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Types of Sleep Disorders

  • Published: 2009-01-06 (Revised/Updated 2013-06-16) : Cindy Heller.
  • Synopsis: There are innumerable sleep disorders ranging from the most trivial ones to the ones we might never have heard before.

Main Document

Quote: "There are innumerable sleep disorders ranging from the most trivial ones to the ones we might never have heard before."

Sleep disorders have become a serious concern. People who lead a busy life, shuffling between work, home and family are more vulnerable to getting sleep disorders.

Lack of proper sleep is the reason for a number of road accidents, on the job tragedies and lower performance in the classroom. Even intimate relationships suffer when the partners have sleep problems.

There are innumerable sleep disorders ranging from the most trivial ones to the ones we might never have heard before. New born babies, young and old adults and even our favorite pets can suffer from sleep disorders. There are some sleep problems such as bed-wetting which is normally seen in kids and would go as the child develops a stronger bladder control. Yet another sleep disorder narcolepsy may not have a definite cure and can be controlled with proper medications and sleep behavior.

Reading this article, you will get to know about some types of sleep disorders that have affected our sleep patterns.

1. Insomnia: it is the most commonly known sleep disorder in young adults. It is characterized by the difficulty in falling sleep or remaining in sleep for a longer period of time. Insomnia can be caused due to anxiety and depression. Women are more susceptible to having insomnia than the men. Melatonin is generally prescribed for the treatment of insomnia. Behavioral therapies and good sleep hygiene are known to work better as the treatment for insomnia.

2. Sleep Apnea: it is characterized by cessation of breath during sleep. Sleep apnea can be life threatening. At times, the breathlessness occurs so frequently that the person is unable to sleep. This occurs because at times the brain forgets to send the signals to the respiratory system to breathe. This may also cause snoring in some people. Treatment methods for sleep apnea include respiratory apparatus, behavioral methods and in some cases, surgery. Surgery is used to clear the obstruction in the airway passage of the respiratory system by trimming of excess tissue.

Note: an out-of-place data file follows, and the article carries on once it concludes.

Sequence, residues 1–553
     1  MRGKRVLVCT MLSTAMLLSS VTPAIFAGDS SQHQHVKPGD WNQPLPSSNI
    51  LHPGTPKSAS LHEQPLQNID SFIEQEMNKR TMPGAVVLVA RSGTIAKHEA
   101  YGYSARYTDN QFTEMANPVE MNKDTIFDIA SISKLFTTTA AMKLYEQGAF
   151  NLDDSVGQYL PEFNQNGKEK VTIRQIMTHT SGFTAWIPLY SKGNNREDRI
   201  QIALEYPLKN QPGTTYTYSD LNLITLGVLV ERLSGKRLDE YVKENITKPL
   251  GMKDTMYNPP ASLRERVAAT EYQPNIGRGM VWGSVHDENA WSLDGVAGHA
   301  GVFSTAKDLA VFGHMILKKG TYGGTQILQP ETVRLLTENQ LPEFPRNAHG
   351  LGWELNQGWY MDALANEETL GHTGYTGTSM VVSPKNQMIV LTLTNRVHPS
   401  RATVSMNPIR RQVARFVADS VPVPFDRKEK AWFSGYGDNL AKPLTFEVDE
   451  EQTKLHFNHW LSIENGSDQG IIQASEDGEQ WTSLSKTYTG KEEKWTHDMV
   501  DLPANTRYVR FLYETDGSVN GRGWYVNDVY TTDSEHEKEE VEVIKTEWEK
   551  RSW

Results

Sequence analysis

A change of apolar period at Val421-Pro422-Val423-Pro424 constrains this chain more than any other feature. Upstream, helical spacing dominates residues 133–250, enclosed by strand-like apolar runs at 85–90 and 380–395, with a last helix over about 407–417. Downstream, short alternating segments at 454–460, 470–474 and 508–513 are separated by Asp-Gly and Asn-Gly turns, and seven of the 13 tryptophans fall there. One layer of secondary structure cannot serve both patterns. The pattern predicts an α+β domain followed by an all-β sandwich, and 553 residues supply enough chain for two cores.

3. Narcolepsy: narcolepsy is a sleeping disorder that impairs the ability of the central nervous system to regulate the sleeping pattern. It is characterized by excessive day time sleepiness, hallucinations during the sleep or wake times and a sudden short lived loss of muscle control. Narcolepsy can be a chronic sleeping disorder and can cause sleep paralysis in certain cases. Treatments of narcolepsy include counseling, behavioral therapies and medications for relaxation.

4. Restless Leg Syndrome: this is a neurological disorder and is characterized by a constant urge to move your legs. It is accompanied by uncomfortable and tingly sensations in the legs. This feeling is so intolerable that the person is not able to have a good sound sleep. Restless Leg Syndrome (RLS) can occur anytime of the day and not always related to the sleep times. Self help techniques are used as the treatment for RLS. Occasionally, iron supplements and applying electrical stimulations to the feet and legs are also prescribed. People having RLS should sleep on their sides with pillows placed in between the legs to induce sleep. In some cases, massaging and exercises also help.

5. Jet Lag: jet-lag is a physiological condition that affects the body clock of travelers, shift workers etc. People who travel across different time zones get jet lag as the body clock goes out of sync and is not able to instantly align itself with the destination time. People having jet lag may take a few days to adjust to a different time zone. Women are more prone to getting jet lags as compared to men. Dehydration accompanied by loss of appetite, headaches, insomnia or irregular sleep patterns are some common symptoms of jet lag. To prevent jet lag, it is advisable to wake and sleep according to the destination time zone. Exposing oneself to sunlight also helps. Exercises, sufficient liquid intake and a healthy diet can help one get rid of jet lags.

Reference: Cindy Heller is a professional writer. Visit to learn more about treatment for sleeping disorders and other types of sleeping disorders.

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4 : Making Healthy Sleep a Priority - Sleep Well, Be Well Campaign : American Academy of Sleep Medicine.
5 : Sleep Issues and Children with Developmental Disorders : Disabled World.
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